Mountains into Molehills: A Fearless Guide for First-Time Rock Climbers
South of the Danforth, in an industrial building that houses art studios, fashion labels, and commercial bakeries, I cling to fake rocks a few metres off the ground. I inch my right foot around a plastic outcropping. Then my left foot slips and I slide down the artificial rock face, skinning a couple of calluses from my hands in the process. Back on the ground, I am unable to wipe the smile off my face.
The Rock Oasis is an apt name for one of the best and biggest climbing gyms in Toronto. When you push open the door, The Rock Oasis appears like a mirage: a two-story expanse of space, undulating walls punctuated by candy-coloured holds. Climbers dangle overhead. If you’re like me, the first time you enter a climbing gym you might be tempted to turn around and run. You might say to yourself, no way.
As an unathletic child and borderline sedentary adult, sports always intimidated me. I couldn’t shake what I believed were the limitations of my body and abilities. It’s no accident that I felt this way. I understood that to run like a girl or throw like a girl were embarrassments, not accomplishments. For me, and I think for many girls and women, my relationship to my athletic ability was always negatively defined: not bad, for a girl.
From afar—i.e. from the ground—I admired climbers who seemed to embody every quality I felt I lacked: strength, grace, courage. Finally, a friend talked me into putting on a harness and getting on the wall. From that first climb, I was hooked.
Finding my sport not only restored my belief in my body’s strength and power, it brought me the confidence to take creative risks, to push past my comfort zone, and to deal with fear. Not to mention the added benefit of regular physical activity, which for me includes more energy, better sleep, and improved mental health.
I talked to my friend and fellow climber Kate Green about how she got started in climbing, and we learned that our paths were pretty similar. We’ve both dealt with insecurities and fears around taking up the sport. Together, Green and I want to be the friends who finally talk you into getting on the wall. We’ve addressed some of our most-heard concerns from folks interested in climbing but are too afraid to take the first step.
1. Yes, you are strong enough.
In climbing, technique beats strength every time. Green says: “Bodies that look strong and are strong don’t always line up in an obvious way in climbing. I’ve had a few experiences of witnessing little crises of masculinity when I’ve out-climbed men…I’ve found it can be very gratifying to undermine those assumptions.”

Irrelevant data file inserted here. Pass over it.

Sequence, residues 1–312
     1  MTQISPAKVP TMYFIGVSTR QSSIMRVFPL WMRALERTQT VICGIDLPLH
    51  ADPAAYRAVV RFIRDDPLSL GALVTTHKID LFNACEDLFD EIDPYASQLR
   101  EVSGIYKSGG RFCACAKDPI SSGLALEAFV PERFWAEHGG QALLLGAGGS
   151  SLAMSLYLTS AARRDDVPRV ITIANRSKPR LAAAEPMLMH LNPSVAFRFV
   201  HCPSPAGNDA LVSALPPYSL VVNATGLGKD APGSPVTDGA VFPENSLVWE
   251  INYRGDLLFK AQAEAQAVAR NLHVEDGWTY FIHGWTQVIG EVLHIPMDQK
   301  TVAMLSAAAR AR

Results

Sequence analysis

2. No, it’s not scary.
Dealing with fear is a huge part of climbing, but it’s on a curve. The climbers tackling hundreds-of-metres high cliffs have dealt with the same fears you will the first time you get off the ground. You only have to be brave enough to take the first step. “[Climbing] is a controlled sense of fear that I can contend with, acknowledge, and conquer. [It] involves a lot of failure and a world of persistence. It feels great.”
3. It’s easy to find people to climb with—or not.
Green climbs sometimes with friends but often alone. “Climbing gyms tend to have a strong sense of community, but I sort of relish the space to be unapproachable at gyms,” she says. “As a woman…I spend a lot of time being nice, and I like that in climbing gyms I can be nice, or (as is more frequently the case) I can just be focused on my climbing.”
4. You don’t have to be the best, but you might discover your best.
Climbing is about personal bests. Working to improve my climbing session after session has deepened my connection to myself and taught me a proactive, positive approach to goal-setting. Green sums it up perfectly: “It’s really quite hard to overthink every aspect of your life when you’re desperately clinging to a wall. My mind clears for a few seconds and the euphoric rush I feel when I finally solve a problem that felt impossible is worth everything. On the way to that solution, the persistent repetition and incremental, almost imperceptible improvement as you try and fail and try again feels meditative and calm and beautiful.”
Take our word for it: trying rock climbing for the first time can be intimidating, but it’s worth it. You might even find your sport.
The Rock Oasis is the Danforth’s climbing gym, located at Carlaw and Gerrard. They offer courses for all skill levels, have a weekly time reserved for new climbers, and rent all the equipment you need to get started at their front desk. www.rockoasis.com
Image from Public Domain Pictures.